[an error occurred while processing this directive] Node:Debugging woes, Previous:Complex vars, Up:Debugging

12.10 Debuggers choke on some programs ...

Q: I cannot debug Emacs (or any program that requests raw keyboard input): when I press Ctrl-C, any debugger I tried reported SIGINT. But I cannot operate the debugged program without Ctrl-C (in Emacs, it's necessary to exit the editor)!

Q: I cannot debug any program which catches signals!!??

Q: I compiled my program with -pg switch, and now I cannot debug it....

Q: When my program hits a breakpoint in GDB, the debugger reports SIGSEGV, but only under Windows....

A: Versions of DJGPP before v2.03 had a few grave limitations in debugging programs which use interrupts or exceptions. Programs compiled for profiling would crash under a debugger with SIGSEGV or a GPF, with no addresses that symify can identify; programs using alarm or setitimer couldn't be debugged, either. You couldn't hook the keyboard interrupt in a debugged program, and you couldn't debug a program which uses floating point on a machine without FP hardware (unless you use WMEMU as your emulator, but even WMEMU doesn't solve all the problems). The reason for all these problems was that any exceptions or signals that happen when your program runs under a debugger would be caught by the debugger instead, they won't get passed to the debuggee, and would usually terminate the debuggee.

This is no more the case. DJGPP v2.03 and later have a much better debug support, so all of the problems mentioned above are gone. The DJGPP port of GDB 4.18, released in August 1999, is based on the debugging support from DJGPP v2.03 and thus doesn't have most of these problems anymore. Latest versions of RHIDE also use this improved debugging support, as do the versions of edebug32 and fsdb from DJGPP v2.03 or later.

Some problems still remain, though, even in v2.03: if you use the stock emu387.dxe FP emulator while debugging floating-point programs or debug programs that call alarm or setitimer library functions, the program will sometimes crash with SIGSEGV. This is likely to change in the future.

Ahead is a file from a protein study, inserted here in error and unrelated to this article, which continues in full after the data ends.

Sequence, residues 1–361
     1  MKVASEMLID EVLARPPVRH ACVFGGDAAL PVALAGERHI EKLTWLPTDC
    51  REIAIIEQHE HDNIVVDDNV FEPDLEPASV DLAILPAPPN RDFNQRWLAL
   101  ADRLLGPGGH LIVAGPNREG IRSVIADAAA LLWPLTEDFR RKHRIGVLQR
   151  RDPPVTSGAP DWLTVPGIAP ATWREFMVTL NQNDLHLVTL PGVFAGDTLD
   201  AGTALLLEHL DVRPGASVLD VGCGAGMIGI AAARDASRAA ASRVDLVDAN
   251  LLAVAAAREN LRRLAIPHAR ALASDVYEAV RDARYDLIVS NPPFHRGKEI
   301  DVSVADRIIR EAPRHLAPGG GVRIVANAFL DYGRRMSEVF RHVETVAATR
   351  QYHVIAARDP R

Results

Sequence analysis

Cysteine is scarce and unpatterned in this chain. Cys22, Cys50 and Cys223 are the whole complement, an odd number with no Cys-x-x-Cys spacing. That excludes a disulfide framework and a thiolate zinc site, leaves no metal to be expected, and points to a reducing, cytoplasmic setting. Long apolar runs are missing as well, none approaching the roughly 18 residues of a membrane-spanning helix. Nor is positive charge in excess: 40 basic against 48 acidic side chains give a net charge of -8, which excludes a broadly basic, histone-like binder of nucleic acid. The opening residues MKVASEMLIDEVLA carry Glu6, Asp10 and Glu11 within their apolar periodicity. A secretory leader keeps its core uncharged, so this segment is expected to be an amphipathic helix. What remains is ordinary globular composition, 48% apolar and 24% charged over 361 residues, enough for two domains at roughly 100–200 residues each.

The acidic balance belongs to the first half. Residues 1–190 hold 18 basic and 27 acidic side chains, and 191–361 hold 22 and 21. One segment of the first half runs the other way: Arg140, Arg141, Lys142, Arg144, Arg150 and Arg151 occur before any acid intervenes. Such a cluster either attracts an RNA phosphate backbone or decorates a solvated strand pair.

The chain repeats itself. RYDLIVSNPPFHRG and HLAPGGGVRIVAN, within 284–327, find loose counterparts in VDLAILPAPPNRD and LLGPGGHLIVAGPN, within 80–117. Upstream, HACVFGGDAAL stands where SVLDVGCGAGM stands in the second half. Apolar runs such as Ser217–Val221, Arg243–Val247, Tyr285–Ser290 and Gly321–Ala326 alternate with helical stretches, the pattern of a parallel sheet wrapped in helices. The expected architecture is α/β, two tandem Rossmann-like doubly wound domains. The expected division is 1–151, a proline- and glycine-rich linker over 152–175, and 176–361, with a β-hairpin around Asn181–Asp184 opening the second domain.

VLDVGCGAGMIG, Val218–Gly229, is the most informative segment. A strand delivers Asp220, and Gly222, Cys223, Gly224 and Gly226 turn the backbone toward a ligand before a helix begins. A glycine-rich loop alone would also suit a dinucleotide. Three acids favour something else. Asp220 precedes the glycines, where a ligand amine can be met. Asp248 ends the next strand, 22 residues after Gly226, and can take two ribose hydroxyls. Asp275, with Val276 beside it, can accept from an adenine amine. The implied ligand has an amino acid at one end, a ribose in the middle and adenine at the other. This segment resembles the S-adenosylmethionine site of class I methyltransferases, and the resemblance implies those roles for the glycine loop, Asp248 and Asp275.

Beginning with version 1.1, the debugger built into RHIDE supports debugging programs that hook keyboard and/or timer hardware interrupts, so if you need e.g. to debug programs built with the Allegro library or programs compiled for profiling, you can use RHIDE.

Another known problem is that GDB GP Faults when the program hits a breakpoint under Windows 3.X (Windows 9X doesn't have this problem). This is because the breakpoint instruction causes a software interrupt (as opposed to an exception) under Windows 3.X, and the DJGPP debug support currently only catches debug exceptions. The only work-around is to use the hardware breakpoints (which use the special debug registers of the i386 and higher CPUs, and which do work with DJGPP on Windows 3), and never have more than 4 of them active at the same time. FSDB will automatically use the hardware breakpoints for the first 4 breakpoints (so it works on Windows 3.X unless you set more than 4 breakpoints simultaneously), but with GDB, you will have to explicitly use the hbreak and thbreak (instead of break and tbreak) commands which set hardware breakpoints. This works with DJGPP ports of GDB 4.16 and later. Note that GDB and FSDB use ordinary breakpoints to implement single-stepping with the step, next, <F7>, <F8> and similar commands, so you can't use these on Windows 3.X; use temporary hardware breakpoints instead. The above is also true for watchpoints (which watch for variables to change value): you need to use hardware watchpoints with GDB (the total number of hardware breakpoints and watchpoints cannot exceed 4). Same considerations apply to the debugger built into RHIDE under Windows 3.X.

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